We provide professional

welfare veterinary care to

animals from indigent

communities.

Established in 1958, SAID provides professional veterinary care that is built on a foundation of focused animal care education within marginalised communities. Our operational methods are geared towards sustainability which is illustrated by our commitment to community based skills and business development.

What we do

The Society for Animals in Distress provides professional veterinary care that is built on a foundation of focussed animal care education within marginalised communities.

Our formal education programme, launched in 2003, is welcomed in all primary schools within the areas of our operations and is embraced by over 14 000 children per annum. Coupled with the education programme our para-veterinarians deliver peer education to every client. It is estimated that each schoolchild impacts 6 adults with their learning experiences while our peer educators engage with a minimum of 40 adults per day. The reinforcement of animal care education within community homes has seen a marked decline in the common conditions found in animals that are related to poverty. Early identification of illness or notification of animals in distress by the community has significantly reduced rehabilitation costs. Growing human awareness of animal needs and the accessibility of our services ensure that preventative primary veterinary care is sought after and accepted as essential to improved community health. Learning to love, feed, clean and care for an animal and accepting responsibility starts at a young age.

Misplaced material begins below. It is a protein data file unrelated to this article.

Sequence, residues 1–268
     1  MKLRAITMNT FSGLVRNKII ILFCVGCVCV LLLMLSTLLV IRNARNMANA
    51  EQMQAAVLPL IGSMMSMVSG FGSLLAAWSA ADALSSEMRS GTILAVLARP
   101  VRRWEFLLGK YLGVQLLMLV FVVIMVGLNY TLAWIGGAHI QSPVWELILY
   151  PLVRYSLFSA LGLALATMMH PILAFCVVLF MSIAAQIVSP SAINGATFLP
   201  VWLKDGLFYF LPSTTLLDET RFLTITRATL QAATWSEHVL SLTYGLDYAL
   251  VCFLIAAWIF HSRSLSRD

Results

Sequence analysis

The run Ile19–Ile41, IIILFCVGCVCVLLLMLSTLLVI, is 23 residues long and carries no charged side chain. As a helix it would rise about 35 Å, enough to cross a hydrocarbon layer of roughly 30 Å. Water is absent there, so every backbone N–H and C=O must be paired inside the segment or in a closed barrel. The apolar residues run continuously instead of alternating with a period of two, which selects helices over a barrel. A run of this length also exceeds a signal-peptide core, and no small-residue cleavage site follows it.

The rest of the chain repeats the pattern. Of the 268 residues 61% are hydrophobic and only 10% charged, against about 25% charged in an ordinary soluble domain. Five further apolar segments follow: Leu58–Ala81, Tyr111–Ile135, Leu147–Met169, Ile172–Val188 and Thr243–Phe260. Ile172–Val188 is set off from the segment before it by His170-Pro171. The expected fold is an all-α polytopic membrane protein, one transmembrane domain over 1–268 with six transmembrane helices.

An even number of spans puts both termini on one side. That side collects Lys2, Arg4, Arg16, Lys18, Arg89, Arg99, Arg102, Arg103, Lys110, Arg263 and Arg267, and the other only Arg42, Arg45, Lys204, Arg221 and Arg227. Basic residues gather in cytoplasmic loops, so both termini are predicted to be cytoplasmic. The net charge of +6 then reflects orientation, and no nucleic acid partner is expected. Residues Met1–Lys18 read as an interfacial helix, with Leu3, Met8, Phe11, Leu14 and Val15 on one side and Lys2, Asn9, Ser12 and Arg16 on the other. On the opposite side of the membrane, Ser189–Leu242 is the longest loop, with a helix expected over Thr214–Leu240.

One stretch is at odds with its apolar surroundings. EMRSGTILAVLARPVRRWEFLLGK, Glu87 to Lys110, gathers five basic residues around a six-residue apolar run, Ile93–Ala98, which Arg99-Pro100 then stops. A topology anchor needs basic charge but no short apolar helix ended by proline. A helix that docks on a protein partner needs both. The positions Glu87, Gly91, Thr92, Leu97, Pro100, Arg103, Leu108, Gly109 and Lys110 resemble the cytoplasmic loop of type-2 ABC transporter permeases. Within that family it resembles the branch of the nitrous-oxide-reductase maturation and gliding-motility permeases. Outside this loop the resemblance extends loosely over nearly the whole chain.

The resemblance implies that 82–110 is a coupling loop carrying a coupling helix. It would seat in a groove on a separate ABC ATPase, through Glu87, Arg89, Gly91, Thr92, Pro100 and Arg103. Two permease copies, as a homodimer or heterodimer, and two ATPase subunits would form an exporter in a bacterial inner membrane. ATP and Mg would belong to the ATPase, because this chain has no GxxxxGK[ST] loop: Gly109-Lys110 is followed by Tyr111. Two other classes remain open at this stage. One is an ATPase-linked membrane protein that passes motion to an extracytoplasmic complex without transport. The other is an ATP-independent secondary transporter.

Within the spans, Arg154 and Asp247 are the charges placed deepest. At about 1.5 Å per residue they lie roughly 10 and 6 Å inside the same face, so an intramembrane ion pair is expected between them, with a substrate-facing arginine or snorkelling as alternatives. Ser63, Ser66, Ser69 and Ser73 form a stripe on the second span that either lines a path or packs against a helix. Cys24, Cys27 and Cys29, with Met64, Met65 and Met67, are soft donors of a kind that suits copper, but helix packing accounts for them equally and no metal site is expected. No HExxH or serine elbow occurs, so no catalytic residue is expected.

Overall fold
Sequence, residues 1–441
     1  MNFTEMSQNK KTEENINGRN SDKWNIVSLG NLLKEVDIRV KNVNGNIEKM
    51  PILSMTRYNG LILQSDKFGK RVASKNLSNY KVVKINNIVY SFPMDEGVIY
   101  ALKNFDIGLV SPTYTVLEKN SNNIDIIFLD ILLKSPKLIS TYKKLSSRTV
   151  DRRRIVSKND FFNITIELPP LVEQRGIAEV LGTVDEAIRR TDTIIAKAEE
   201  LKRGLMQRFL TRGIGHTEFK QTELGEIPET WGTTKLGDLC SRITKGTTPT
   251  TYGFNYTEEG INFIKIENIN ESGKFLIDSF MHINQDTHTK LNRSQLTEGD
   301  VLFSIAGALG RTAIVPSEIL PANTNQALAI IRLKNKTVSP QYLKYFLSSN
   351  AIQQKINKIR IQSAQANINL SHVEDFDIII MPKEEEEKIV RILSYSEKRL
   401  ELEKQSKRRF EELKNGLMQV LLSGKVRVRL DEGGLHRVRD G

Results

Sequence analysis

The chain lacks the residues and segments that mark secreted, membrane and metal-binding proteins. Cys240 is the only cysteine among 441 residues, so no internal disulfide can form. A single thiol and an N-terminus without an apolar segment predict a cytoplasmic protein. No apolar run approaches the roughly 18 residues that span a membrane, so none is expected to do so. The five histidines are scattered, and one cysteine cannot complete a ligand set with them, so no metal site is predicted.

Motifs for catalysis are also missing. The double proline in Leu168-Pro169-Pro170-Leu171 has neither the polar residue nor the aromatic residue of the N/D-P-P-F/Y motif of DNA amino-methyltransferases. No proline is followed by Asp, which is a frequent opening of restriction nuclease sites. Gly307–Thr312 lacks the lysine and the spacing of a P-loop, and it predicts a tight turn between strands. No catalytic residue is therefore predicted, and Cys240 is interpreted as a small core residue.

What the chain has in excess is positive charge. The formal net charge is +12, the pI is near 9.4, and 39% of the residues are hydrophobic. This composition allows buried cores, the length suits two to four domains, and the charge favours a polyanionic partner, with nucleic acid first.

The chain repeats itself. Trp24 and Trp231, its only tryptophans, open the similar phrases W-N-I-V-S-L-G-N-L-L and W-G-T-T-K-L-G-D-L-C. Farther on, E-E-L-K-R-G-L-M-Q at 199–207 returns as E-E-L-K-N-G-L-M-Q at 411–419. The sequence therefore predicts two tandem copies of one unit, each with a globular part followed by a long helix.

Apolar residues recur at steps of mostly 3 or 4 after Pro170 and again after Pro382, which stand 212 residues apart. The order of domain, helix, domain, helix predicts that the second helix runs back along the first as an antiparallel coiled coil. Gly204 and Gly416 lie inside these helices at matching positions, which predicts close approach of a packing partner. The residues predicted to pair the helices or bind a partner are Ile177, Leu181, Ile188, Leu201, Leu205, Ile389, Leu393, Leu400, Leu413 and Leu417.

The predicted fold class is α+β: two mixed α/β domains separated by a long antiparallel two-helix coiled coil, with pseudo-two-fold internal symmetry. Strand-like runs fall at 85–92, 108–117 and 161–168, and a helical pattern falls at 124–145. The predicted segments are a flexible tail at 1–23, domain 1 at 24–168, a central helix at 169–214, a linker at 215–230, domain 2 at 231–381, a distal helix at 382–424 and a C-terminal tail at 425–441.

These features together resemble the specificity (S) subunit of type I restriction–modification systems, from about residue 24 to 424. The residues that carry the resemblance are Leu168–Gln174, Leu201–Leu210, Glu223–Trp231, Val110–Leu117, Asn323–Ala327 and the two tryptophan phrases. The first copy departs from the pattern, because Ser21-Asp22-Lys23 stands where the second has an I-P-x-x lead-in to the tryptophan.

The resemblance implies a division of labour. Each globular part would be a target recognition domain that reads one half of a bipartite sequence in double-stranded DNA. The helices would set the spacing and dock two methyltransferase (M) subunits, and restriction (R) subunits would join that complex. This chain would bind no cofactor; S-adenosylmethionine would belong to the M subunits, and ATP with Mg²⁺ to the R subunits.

The Society for Animals in Distress provides professional veterinary care overseen by employed veterinarians, veterinary nurses and animal health technicians. We are an organisation mandated to serve the indigent and are accountable for these services to the South African Veterinary Council. Patients receive primary veterinary care from our mobile units which are manned by para-veterinarians. These units service our operational areas daily while severe cases are brought back and admitted to our hospital.
Our mobile unit work within communities provides primary veterinary care; namely, de-worming, vaccinations, tick and flea control and first aid where possible.  This engagement with the communities we serve, initiates a life-long relationship made sustainable through owner responsibility and trust. The value of this relationship investment can be seen in the improved health and well-being of the animals we are privileged to serve. Our hospital treatments cover a spectrum of veterinary procedures that include orthopaedic surgery among others.

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SAID service make up

  • Education 100%
  • Professional veterinary care 100%
  • Commitment to provide treatments 100%

Acre fully owned property


%

Less than 1% euthanised


Patient days

Kilometers travelled


%

On-site peer education


Sterilisations per year

Treatments per year


%

Mobile preventative care


Surgery hours

Years


%

Pets returned to owners


Grade 2 pupils received formal animal care education

Proudly supported by:

Steynsrus Outreach

Steynsrus Outreach

It was also our privilege to be able to extend our care and services to the impoverished, small farming community of Steynsrus in the Free State. The initial outreach saw 300 of 3000 dogs sterilised in one week. The impact of seeing an entire community pull together encapsulated the magnitude of what can happen when people work together for the common good. We return for a second outreach this month to grow our impact to 1000 animals using a team of 24 people over 5 days....